Ofsted reports “steady progress” in Wakefield’s children’s services

Wakefield Council is making “steady progress” in improving its services for children and young people, Ofsted has concluded after their third monitoring visit.

Inspectors, who visited on 9 and 10 October, have also highlighted areas for further improvement to continue to develop the service and acknowledged the plans already in place to achieve this. During a routine inspection in June 2018, Ofsted judged the local children’s services to be inadequate across the board.

In a letter published 1 November 2019, Ofsted said that since the last inspection “senior managers have continued to work tirelessly on building and strengthening the foundations to improve services for children in need of help and protection. Senior managers have focused on developing the right service structures, and increasing staffing, in order to enable social works to focus on core practice.”

Inspectors highlighted that whilst assessments are improving, planning for children needs to be the next area of focus. This includes stronger challenge by frontline managers and child protection chairs, when change is not achieved, and better social work oversight of some disabled children’s cases. They noted the positive impact that the recently established children-vulnerable-to-exploitation team was having but said effective multi-agency action to disrupt and prosecute individuals who present a risk to children is needed.

Systematic and staged approach

Corporate Director for Children and Young People, Beate Wagner, said: “Overall, we are pleased with Ofsted’s feedback. They could see the developments since their last visit and that we continue to build and strengthen the foundations to provide a robust service. They saw improved recording, routine auditing, robust performance monitoring and stronger management oversight.

“Importantly, they saw that our focus on the quality of practice is now gaining traction and highlighted improvements in core social work practice and multi-agency planning.

“However, we are not there yet. We still have a lot of work before us which we are approaching in a systematic and staged manner. Our next and immediate priority is to focus on the quality of our plans and ensuring that we are fully engaging and maximising the use of our partners for their expertise and support.”

Cllr Margaret Isherwood, Cabinet Member for Children and Young People, said “Our outgoing leader, Cllr Peter Box, has led this effort from the front. From the day that we received the unacceptable rating in 2018, Cllr Box has taken a personal interest and has ensured that this service gets the highest level of attention and support required. This has included considerable financial investment which has enabled a large and rapid expansion of the service. I thank him for his unwavering attention and wish to assure him that we will build on the solid foundation that he is leaving.”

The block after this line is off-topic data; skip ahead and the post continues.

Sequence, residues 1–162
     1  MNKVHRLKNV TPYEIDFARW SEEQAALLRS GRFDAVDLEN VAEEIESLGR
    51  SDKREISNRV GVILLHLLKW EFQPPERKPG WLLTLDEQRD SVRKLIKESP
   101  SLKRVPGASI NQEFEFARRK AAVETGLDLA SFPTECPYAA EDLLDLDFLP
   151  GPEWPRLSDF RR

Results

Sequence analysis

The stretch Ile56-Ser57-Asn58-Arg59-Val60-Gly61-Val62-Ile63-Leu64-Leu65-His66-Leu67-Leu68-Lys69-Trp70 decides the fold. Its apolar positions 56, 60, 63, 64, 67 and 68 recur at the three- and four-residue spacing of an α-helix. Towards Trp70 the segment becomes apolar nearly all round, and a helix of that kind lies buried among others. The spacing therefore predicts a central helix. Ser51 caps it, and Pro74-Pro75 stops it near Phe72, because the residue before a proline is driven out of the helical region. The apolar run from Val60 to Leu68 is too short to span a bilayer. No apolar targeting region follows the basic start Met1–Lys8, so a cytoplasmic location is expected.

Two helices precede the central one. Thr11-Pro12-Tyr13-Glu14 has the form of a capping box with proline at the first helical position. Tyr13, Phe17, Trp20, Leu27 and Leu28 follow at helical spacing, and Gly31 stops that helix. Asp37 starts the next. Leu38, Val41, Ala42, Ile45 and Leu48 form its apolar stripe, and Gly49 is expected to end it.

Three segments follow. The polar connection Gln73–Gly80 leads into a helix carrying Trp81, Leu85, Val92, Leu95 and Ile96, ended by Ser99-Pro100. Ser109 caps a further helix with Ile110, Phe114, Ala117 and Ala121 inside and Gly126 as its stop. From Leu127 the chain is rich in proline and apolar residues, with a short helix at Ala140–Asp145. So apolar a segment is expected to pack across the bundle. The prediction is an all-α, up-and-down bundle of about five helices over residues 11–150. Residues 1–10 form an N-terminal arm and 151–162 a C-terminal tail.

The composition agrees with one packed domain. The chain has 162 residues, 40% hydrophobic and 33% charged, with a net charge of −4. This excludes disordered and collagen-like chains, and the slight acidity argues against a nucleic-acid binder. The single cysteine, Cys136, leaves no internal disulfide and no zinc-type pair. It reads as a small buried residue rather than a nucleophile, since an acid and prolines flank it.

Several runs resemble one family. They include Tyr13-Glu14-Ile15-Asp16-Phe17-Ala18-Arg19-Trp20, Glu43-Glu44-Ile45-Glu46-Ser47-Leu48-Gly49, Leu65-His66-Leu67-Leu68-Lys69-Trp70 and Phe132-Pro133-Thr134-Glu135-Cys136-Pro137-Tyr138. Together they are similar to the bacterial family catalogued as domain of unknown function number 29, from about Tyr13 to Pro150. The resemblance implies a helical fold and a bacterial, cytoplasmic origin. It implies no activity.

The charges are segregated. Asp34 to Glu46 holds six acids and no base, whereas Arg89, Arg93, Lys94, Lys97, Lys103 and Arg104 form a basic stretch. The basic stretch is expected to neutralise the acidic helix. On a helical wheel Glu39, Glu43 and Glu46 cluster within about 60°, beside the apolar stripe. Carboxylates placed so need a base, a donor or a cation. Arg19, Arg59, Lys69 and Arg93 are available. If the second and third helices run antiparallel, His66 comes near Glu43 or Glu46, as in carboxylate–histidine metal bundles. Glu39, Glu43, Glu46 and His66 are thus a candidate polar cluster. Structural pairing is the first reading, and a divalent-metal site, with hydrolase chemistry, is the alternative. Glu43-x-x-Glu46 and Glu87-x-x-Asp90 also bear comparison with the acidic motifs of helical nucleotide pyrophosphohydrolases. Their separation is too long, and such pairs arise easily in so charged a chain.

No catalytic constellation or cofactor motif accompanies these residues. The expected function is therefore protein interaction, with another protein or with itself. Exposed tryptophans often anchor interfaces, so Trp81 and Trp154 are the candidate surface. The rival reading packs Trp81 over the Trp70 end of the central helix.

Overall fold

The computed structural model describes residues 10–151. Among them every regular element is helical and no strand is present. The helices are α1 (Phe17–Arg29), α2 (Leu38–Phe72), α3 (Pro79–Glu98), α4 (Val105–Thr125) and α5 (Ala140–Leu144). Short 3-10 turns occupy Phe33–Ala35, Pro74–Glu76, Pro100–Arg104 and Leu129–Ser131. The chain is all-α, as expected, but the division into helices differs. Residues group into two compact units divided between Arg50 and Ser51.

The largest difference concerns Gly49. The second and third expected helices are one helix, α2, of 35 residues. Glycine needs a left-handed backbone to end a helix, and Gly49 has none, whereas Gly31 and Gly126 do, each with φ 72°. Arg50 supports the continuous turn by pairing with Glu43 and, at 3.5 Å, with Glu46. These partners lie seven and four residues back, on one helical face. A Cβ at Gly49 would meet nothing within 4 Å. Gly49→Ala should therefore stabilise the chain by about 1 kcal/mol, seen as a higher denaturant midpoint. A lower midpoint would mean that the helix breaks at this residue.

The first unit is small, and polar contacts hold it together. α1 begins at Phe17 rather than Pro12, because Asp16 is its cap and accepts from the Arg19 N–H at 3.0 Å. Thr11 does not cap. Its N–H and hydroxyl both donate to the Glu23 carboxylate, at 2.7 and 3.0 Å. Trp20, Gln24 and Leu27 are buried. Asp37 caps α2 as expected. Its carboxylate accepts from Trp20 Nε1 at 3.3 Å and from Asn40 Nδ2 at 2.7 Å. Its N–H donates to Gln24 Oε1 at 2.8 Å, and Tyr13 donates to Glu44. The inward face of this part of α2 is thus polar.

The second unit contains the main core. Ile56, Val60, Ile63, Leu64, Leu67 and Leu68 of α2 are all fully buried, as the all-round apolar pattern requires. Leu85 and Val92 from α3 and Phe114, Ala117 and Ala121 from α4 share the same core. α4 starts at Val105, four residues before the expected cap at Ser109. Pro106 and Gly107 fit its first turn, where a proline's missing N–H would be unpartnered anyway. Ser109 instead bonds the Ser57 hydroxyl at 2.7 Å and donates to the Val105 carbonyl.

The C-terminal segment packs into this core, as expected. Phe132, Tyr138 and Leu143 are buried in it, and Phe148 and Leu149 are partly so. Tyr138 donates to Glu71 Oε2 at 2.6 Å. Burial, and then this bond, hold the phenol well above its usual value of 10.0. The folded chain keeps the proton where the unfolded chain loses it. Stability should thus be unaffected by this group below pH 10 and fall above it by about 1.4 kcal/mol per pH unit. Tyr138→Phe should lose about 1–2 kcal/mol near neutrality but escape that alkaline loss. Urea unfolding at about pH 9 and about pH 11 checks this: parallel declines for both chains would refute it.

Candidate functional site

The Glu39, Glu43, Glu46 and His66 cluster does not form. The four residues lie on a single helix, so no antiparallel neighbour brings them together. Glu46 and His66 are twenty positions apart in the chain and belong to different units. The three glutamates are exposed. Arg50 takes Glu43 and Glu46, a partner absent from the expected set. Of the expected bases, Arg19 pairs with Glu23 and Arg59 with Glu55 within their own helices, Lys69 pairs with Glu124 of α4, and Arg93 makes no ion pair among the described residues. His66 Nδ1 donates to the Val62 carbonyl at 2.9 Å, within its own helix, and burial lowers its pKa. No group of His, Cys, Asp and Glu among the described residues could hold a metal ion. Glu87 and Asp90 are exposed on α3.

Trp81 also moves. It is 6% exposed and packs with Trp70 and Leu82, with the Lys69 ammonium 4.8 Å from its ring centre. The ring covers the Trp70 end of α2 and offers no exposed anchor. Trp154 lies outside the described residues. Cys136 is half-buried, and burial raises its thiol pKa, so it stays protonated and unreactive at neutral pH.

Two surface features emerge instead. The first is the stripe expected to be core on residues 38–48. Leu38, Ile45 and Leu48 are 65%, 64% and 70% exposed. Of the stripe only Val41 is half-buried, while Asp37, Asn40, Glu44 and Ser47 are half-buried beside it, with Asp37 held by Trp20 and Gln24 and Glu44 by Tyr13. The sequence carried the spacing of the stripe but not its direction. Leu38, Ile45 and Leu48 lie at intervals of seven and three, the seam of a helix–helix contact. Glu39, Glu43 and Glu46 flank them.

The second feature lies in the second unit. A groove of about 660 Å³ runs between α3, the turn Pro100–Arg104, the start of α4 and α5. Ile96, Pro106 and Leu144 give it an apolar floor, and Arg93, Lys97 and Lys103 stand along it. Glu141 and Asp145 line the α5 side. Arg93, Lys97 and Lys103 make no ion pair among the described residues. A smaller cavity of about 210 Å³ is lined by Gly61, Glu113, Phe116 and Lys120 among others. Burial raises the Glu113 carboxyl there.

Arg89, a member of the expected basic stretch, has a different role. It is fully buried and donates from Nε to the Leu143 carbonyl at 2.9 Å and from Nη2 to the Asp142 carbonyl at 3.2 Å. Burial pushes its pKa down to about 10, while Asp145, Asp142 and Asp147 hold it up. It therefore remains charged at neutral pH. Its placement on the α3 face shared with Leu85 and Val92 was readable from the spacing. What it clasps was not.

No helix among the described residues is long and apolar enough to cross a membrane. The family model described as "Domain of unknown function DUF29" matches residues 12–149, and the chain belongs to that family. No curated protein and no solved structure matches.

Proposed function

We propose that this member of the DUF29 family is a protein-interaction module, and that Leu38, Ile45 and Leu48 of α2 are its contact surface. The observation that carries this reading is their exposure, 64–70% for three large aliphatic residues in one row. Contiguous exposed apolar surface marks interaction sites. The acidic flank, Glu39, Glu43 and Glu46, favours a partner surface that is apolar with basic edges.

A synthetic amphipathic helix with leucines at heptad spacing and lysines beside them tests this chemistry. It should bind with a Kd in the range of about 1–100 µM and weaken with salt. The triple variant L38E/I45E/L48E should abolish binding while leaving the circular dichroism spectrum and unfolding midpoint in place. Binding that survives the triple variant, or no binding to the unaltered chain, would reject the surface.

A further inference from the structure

Safe hands

Cllr Peter Box CBE, outgoing leader of Wakefield Council, said “I am very pleased with the progress that we have made in strengthening our service for our young people. I knew that we could do it and am pleased that the Department for Education agreed last year to give us the opportunity to put right our failings.

“I am disappointed not to be able to see this journey through to the end. I congratulate Beate and her team for their commitment and focused work that has brought us to this point. I leave knowing that the service is in safe hands.”

Wakefield Council continues to work closely with the Independent Commissioner, Peter Dywer CBE, who was appointed by the Department for Education. This follows a standard Ofsted inspection of Local Authority Children’s Services in June 2018, which judged the services to be inadequate across the board.

Mr Dwyer is carrying out regular reviews of Wakefield’s improvement journey, looking at the progress made, current projects and plans for the future.

His latest report to the Minister in June 2019 provides further positive confirmation of Wakefield Council’s capacity to deliver the improvements required at the right pace.

Mr Dwyer stated how “Improvement is not a simple or mechanistic process and whilst no LA is identical, it would appear in my and the views of experienced others, that the progress being made is at least in line and potentially in advance of that of others.”

Ofsted will continue to make regular monitoring visits to Wakefield as the Council drives forward with the transformation of children’s services.

The letter can be read on Ofsted’s website.

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